I encountered three situations that is the encentive for this post.
Yesterday, I was discussing "plagerism" and how our students perceive it, especially when using the internet. As I am teaching a speech course this semester, the question of plagerism becomes a bit dicey. It is not really interesting to hear a number of names when listening to a speech (think of the boring Oscar speeches when winners list all the people they want to thank). However, the information within a speech came from somewhere, so how can it be integrated into a speech without making it boring?
One way is through presentation software. Charts and pictures should have sources on the slides used to augment speeches. Another way is to create verbal "links" by using supporting information such as video clips (which will have the source on it).
In this same class, students are required to give a bibliography they used in preparing the speech. This means that students need to cite references in an acceptable format. I have used Zotero on my computer for the last year. However, one of my students mentioned that the new version of Word includes a citation feature. I still prefer Zotero as you can capture the information as you browse directly from the web. I was pleased, though, to see that word processing software recognizes the importance of including citations (and the tediousness of formating it correctly for each citation).
Finally, I have been trying to redesign the way my blog looks as I don't think it was necessarily reader friendly and perhaps a bit boring. On the one hand I don't want anything that will slow down the download time for those with dial-up (I had it for so long the pain of waiting for a page to load is still fresh!), but I would like to use pictures a bit more. One of the things holding me back is that I own very few usable pictures (although I did think of beginning to create my own library of visuals I could use that would reflect my postings). However, I was surprised to come across a post by Vicki Davis on the use of pictures available through creative commons.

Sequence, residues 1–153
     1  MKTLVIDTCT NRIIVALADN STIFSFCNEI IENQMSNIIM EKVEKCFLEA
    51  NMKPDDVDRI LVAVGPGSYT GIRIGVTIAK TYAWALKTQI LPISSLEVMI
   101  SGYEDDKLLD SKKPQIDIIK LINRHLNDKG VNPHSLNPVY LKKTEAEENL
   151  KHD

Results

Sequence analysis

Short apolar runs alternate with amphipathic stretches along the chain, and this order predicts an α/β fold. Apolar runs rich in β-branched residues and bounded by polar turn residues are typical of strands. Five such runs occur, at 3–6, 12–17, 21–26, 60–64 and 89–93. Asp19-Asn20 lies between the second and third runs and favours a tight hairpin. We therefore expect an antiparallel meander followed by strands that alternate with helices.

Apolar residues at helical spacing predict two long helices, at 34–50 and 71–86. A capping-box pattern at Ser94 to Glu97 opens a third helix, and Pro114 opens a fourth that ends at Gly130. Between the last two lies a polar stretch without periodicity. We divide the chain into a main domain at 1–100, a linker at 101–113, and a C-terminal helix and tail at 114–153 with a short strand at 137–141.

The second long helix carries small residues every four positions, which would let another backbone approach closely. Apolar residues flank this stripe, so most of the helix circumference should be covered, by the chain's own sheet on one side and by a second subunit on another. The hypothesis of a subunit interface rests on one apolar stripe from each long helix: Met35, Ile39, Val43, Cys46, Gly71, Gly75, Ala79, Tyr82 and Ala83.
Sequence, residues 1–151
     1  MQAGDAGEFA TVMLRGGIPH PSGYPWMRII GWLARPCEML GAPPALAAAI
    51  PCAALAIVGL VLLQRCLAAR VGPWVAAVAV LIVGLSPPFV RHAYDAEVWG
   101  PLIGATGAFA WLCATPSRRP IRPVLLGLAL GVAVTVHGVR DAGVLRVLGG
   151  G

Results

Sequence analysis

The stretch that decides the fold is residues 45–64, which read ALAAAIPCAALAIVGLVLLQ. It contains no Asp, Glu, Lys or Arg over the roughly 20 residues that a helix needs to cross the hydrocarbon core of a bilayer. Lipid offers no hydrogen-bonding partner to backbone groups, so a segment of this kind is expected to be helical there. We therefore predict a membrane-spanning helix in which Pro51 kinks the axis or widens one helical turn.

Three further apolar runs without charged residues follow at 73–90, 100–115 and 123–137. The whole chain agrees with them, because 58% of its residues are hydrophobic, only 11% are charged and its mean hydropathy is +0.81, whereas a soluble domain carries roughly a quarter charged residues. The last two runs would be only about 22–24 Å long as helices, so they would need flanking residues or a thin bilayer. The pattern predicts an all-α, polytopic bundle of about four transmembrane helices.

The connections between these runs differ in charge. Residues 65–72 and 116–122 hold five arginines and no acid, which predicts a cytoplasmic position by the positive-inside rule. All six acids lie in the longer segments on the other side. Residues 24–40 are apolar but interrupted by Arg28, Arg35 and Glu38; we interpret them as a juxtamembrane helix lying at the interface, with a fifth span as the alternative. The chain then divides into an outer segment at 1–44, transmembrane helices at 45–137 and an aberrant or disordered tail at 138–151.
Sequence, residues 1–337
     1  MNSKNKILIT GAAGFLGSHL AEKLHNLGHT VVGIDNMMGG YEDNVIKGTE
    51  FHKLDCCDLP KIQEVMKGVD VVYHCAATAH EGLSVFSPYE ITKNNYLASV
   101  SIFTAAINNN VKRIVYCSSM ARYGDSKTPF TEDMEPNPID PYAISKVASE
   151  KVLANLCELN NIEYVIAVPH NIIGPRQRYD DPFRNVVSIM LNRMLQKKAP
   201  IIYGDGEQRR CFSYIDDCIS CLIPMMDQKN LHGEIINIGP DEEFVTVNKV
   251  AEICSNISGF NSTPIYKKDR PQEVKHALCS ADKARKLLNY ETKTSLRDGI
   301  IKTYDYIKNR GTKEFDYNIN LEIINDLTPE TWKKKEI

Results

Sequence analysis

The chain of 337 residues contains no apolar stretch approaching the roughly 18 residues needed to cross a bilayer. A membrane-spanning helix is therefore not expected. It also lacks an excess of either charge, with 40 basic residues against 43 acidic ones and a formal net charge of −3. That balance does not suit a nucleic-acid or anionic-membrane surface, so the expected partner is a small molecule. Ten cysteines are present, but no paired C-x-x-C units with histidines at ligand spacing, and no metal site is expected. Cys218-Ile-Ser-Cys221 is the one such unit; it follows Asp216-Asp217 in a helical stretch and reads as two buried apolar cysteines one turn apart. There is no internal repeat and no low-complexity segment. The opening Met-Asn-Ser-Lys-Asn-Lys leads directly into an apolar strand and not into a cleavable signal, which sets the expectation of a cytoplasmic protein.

I still am trying to deliniate when to use something (or link or cite ideas) within the blog. If I were writing a paper, it would be very cut and dry. However, blogging protocols are somewhat different. If I appropriate something directly from online (i.e. cut and paste), I, of course cite it and use the quotes. But what format should I use to cite? I have found that I feel much more comfortable linking the orginial document rather than "quoting" from it. However, there are times, such as when there are a number of comments and you want to use that comment in a post, when quotes are more effective. I am not sure I am 100% comfortable using the images from the creative commons sites as some people have stipulations (such as not using for commercial purposes, citing the source of the image) which might vary from picture to picture. What if I don't follow their stipulations (unintentionally)? However, I am beginning to find my own style of crediting others for their ideas.
How do you address this issue? Is it different in academic settings? Professional or business settings? Does it depend on the audience? How do you know what style to use? I would love to get others inputs on this issue.
- V Yonkers
- Education, the knowledge society, the global market all connected through technology and cross-cultural communication skills are I am all about. I hope through this blog to both guide others and travel myself across disciplines, borders, theories, languages, and cultures in order to create connections to knowledge around the world. I teach at the University level in the areas of Business, Language, Communication, and Technology.